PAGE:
A number of communities in the United States have undertaken truly ambitious pre-K community programs.   The City of Tulsa has recently been covered in a National Public Radio program," Early Childhood Education, Tulsa, stands out."  Union City, New Jersey, one of the nation’s poorest urban centers, armed with funding provided as a result of groundbreaking state constitutional litigation, has allegedly made significant progress in part by adopting a major pre-K initiative in coordination with its public school systems,   Itasca County’s public school districts and others have combined to initiate “Invest Early.  ”   Cincinnati Strive has made early childhood education a central shared objective of the public schools, municipalities and counties, and the diocese among other partner.

Our community has not yet undertaken a commitment to doing what it takes to accomplish the objective of universal quality pre-K.   Partners for Student Success has been challenging us to do that., but we as a community have not yet bought into this vision.  The choice we face as a community, I believe, is whether we want to make incremental change, inching our way forward, as resources permit, towards the ultimate but unreachable goal, or whether we want to set ambitious objectives, funded by grants, or special taxing authority, or special legislative authority, or by a constitutional litigation like that which resulted in the funding of Union City.   At the rate we are now moving forward, it is not at all clear that in two decades time we will be any further along towards the objective of universal pre-k than we are today.  Let us use the Roosevelt tragedy as a reminder of the great good that quality pre-K education can do for our community.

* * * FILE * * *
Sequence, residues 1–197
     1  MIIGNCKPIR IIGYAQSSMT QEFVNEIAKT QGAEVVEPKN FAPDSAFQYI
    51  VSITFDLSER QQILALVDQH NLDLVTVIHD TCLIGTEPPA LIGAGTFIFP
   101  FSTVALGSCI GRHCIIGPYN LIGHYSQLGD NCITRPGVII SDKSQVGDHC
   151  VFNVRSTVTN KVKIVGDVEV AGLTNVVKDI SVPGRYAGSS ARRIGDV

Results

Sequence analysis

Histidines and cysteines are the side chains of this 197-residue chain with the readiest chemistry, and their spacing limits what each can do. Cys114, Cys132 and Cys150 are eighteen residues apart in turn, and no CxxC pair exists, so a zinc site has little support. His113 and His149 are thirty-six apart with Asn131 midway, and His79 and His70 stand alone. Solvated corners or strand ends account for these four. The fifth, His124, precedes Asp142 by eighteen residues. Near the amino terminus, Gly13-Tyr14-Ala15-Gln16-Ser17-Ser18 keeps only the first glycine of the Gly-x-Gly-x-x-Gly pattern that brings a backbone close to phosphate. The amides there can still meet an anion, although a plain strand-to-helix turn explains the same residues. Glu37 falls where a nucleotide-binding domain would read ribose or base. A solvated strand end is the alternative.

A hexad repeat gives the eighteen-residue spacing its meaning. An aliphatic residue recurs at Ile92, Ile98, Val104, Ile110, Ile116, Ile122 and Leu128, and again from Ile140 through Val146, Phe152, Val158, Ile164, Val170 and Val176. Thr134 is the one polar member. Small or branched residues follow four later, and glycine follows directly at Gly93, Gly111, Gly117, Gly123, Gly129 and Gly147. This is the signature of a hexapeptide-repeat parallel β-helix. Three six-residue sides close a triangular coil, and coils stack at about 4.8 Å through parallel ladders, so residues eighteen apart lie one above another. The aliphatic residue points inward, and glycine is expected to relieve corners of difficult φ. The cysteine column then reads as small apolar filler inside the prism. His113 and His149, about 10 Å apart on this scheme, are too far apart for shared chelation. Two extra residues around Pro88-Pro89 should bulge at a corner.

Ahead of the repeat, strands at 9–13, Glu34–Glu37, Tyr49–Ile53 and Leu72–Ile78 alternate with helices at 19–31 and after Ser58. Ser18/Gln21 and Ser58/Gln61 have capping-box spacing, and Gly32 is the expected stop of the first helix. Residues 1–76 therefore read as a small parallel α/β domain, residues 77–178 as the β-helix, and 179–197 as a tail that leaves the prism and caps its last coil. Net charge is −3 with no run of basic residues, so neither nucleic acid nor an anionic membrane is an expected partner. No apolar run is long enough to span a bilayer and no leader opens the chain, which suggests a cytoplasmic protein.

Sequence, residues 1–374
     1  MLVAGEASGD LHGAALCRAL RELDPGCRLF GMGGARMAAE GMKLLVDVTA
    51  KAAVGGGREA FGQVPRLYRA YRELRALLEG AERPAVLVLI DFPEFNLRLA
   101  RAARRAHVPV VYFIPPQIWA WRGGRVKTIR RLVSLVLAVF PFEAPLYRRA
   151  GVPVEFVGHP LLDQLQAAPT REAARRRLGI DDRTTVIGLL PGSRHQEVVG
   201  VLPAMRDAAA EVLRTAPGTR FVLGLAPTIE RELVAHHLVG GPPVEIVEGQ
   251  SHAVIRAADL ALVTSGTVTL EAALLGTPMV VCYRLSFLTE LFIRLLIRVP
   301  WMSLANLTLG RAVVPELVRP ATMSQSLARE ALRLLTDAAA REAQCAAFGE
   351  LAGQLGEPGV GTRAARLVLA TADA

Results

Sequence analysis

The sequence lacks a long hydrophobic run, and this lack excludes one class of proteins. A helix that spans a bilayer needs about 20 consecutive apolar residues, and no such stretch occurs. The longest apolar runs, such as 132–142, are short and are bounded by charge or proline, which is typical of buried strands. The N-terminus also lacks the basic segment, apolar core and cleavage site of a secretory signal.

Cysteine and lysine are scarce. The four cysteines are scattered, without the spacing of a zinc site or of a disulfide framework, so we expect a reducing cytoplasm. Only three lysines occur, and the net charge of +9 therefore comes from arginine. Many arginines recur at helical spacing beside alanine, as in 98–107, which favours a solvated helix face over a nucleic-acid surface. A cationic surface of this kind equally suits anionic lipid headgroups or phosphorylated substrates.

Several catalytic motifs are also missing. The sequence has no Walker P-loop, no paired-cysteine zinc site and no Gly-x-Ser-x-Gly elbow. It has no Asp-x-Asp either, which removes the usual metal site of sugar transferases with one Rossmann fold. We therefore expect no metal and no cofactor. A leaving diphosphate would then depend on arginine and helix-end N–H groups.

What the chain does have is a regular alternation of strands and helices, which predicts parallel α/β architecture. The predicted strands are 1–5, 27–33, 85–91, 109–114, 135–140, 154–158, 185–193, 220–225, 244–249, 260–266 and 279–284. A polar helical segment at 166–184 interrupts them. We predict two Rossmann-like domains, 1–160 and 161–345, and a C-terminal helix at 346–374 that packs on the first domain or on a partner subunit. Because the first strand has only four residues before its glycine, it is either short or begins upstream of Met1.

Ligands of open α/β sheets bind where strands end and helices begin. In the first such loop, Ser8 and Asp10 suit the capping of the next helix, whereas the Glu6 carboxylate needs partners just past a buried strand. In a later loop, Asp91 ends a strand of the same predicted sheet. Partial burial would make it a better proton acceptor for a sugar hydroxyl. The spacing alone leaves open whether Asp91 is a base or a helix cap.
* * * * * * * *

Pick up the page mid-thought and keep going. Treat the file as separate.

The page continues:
We properly  grieved for the children who lost their early childhood education facility through the tragedy of lightning and fire.     But other children in our community don't have quality early childhood education at all....didn't have it before the lightning struck, and won't have it after we replace the facility, because our community has not yet recognized the importance of universal pre k.   That absence of quality services for all arises not from an accidental lightning strike, but from an equally tragic failure of our community to recognize that we cannot thrive economically and socially as long as we have children who come to school without the skills and attitudes necessary for effective learning.